Select Committee on European Communities Minutes of Evidence

Examination of witnesses (Questions 180 - 205)



  180.  The problem is measurement. The fact is that, if you spend 100 million on one programme and ten million on another, the ten million programme might be more valuable than the bigger one. I understand the difficulties of measurement. How do you measure whether or not the regulation of 1996 is being met?
  (Mr Coverdale)  Attached to the memorandum we sent you was a list of environment projects and we can see that there is an emerging and growing portfolio of projects which are four-square in the environmental area, within the country programmes, which would not have been there before 1996. You are quite right. There is a problem of measurement. There is also a problem of classification. As our Chair said earlier, some environment projects will have health benefits. If you get into a classification system, are they health projects or environment projects? In a way, if you lean too hard, people will begin to reclassify things into the categories they are being asked to emphasise, but I think that list attached to the memorandum does indicate that the portfolio is changing and that this is being taken seriously. It becomes rather harder to continue to measure it on a year on year basis.


  181.  Can I pick up the budgetary point? My understanding is that the budget which has just been published has a 30 per cent cut in the democracy programme under TACIS, which is rather a surprise to those involved in the democracy programme. Is it likely that such a swingeing cut will occur in other aspects of TACIS?
  (Mr Lowcock)  I would like, if I may, to preface what I am about to say by saying that we can give you more written information on this point. I think it is in any case the fact that the budget that has been published is yet to be approved. There is a complex annual process involving the Commission, the Member States and the European Parliament before the budget is approved. In a number of cases which we too have spotted from our examination of the 1999 preliminary draft budget which you refer to, which the Commission has produced, budget lines which are based on sectors, like democracy or, in other parts of the world for example, health and population appear to have been reduced, but our understanding is that at least in some cases this has been offset by increases in the regional budgets themselves. The intention may be to fund the same sorts of activities from within a more flexible, regional budget. We are still trying to clarify whether, in all cases, this does not mean that there will be a reduction of funding for programmes of the sort that would have benefited under, for example, the democracy line: if this is just a shift of funds, in other words.

Lord Walpole

  182.  Is TACIS, in your opinion, sufficiently demand led and do Member States and the Commission ensure that advice and assistance offered is what the recipient countries actually want?
  (Mr Coverdale)  I do not think there is any doubt that TACIS endorses the principle of ownership of the programmes by the partner countries and has set up institutional arrangements to try to achieve that, which we have touched on already. At the same time, clearly the Member States expect to promote their own particular concerns and interests within the programme and the outcome necessarily is a compromise between the wishes of the partner government, the Commission, the Member States and hopefully the eventual beneficiaries. The interim evaluation of TACIS in May 1997 did acknowledge that the programme was essentially demand driven. I think there is one particular point to make on the environmental side. Often, there is a lack of institutional capacity in these countries on the environmental side, maybe more than in some other areas, a lack of capacity to define and prepare projects and maybe also to define problems and to see problems clearly. There is clearly scope for a dialogue there in working up the programmes of assistance.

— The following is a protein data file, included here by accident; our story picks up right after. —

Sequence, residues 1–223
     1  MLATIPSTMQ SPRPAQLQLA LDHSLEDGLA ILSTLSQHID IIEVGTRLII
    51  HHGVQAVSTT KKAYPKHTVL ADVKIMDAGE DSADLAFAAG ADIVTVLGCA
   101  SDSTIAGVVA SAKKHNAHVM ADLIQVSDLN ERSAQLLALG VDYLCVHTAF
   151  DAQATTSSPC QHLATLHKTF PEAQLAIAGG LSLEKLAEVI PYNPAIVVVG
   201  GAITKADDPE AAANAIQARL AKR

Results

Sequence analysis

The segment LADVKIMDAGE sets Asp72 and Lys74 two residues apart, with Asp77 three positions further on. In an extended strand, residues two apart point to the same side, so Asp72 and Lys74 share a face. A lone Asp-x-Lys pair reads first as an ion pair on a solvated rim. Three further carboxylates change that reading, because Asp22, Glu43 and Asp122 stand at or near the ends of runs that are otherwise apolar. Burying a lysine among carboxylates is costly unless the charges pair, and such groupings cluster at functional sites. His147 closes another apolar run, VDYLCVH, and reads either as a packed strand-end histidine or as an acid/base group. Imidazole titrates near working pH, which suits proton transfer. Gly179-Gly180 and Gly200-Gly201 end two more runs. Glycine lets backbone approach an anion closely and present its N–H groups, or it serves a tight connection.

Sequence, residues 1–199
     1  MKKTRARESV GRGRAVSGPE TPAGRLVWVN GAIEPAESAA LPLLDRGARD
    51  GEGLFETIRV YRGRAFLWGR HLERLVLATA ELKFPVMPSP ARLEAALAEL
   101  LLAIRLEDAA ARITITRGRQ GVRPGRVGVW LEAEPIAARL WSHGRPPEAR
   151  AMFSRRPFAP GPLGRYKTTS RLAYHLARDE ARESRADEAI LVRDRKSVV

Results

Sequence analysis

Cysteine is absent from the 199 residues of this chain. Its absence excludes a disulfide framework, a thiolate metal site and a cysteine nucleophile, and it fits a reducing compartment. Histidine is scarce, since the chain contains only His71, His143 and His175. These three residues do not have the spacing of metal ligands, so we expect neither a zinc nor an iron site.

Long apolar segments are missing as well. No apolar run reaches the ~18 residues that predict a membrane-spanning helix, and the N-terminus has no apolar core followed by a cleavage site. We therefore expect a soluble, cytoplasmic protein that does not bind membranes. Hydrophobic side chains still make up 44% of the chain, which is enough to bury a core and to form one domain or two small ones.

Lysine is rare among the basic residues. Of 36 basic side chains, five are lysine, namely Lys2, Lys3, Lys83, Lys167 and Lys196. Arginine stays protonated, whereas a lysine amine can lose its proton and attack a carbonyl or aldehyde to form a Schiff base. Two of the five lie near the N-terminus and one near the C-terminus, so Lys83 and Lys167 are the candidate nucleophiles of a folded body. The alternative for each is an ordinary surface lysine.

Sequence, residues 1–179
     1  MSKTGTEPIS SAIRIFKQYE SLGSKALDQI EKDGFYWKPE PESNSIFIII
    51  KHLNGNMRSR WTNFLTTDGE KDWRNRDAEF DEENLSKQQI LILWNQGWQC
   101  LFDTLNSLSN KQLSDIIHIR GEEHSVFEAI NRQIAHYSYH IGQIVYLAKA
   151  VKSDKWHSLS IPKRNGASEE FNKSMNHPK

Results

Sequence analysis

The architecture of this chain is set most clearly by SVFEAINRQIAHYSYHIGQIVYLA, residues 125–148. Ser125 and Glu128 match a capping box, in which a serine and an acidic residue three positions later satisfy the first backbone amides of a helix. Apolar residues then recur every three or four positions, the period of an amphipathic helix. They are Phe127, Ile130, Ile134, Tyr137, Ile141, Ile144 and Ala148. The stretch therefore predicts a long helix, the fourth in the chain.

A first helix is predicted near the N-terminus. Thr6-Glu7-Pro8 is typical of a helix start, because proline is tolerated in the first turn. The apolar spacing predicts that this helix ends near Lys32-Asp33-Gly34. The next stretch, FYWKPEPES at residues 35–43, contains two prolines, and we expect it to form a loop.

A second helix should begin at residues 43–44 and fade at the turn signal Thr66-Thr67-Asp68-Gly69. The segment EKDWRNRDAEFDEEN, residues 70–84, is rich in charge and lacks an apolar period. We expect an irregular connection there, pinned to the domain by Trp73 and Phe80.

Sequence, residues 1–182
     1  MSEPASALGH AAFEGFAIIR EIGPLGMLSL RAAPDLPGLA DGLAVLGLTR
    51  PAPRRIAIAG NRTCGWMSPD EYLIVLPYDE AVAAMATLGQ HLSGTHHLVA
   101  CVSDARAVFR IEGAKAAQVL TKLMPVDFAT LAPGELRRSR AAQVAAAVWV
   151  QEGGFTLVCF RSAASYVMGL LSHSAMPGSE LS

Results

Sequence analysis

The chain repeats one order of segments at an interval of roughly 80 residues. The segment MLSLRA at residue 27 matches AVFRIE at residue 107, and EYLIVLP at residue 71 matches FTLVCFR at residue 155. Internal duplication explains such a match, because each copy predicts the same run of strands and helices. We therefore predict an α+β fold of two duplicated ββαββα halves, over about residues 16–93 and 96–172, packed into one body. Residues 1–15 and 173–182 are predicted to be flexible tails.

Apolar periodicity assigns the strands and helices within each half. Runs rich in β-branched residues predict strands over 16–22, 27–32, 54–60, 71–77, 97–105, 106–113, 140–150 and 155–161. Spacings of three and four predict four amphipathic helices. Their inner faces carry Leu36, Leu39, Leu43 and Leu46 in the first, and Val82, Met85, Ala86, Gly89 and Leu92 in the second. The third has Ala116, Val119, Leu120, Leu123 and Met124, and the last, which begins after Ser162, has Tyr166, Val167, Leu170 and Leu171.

183.  What is your view on the effectiveness of the various parts of the selection process, both of projects and indeed contractors?
  (Mr Lowcock)  The selection process for contractors in TACIS needs to balance on the one hand transparency and propriety, because there are big contracts at stake, with on the other hand flexibility and effectiveness. I think our judgment is that the TACIS approach stands up relatively well in terms of transparency and propriety but, in relation for example to the procedures of many other development agencies, it stands up less well in relation to flexibility, speed and effectiveness probably. We would like to see a greater streamlining and more flexibility in TACIS implementation procedures in general, including on the key aspect of procurement, which is the framework that the contracting and consultancy contracts are under. We would like to see greater delegated authority, for example, so that more projects can be subject to lighter procedures which can be quicker. A very large number of TACIS projects are subject to heavy contracting procedures involving construction of long short lists, long expiry periods while people collect information, long periods of assessment of bids and so on. The elapsed time between a project being approved and it being implemented can be very long because of that. Especially for smaller projects, we would like to see those processes streamlined. We would also like to see greater flexibility over processes for amending contracts once they have been agreed. We get a fair number of complaints from various sources that it is very time consuming and difficult to amend contracts once they have started, regardless of how widespread the agreement might be on the need to amend the contract because, for example, circumstances have changed in the project and it makes more sense to provide expertise in one area rather than another. The difficulty of amending these contracts is an important constraint on the effectiveness of the programme, in our view. Taking a wider view, also we would like to see greater consistency between procedures that apply under TACIS and those that apply under other programmes that the Commission manages, whether it be in the PHARE region, in the Mediterranean, in Africa or in Asia and Latin America. At the moment, the Commission has a wide variety of differing procedures which impose additional costs for everybody. The organisations bidding for contracts have to learn all these different procedures. It is more complex for the Commission to run a whole different set of procedures and it is more difficult for Member States as well.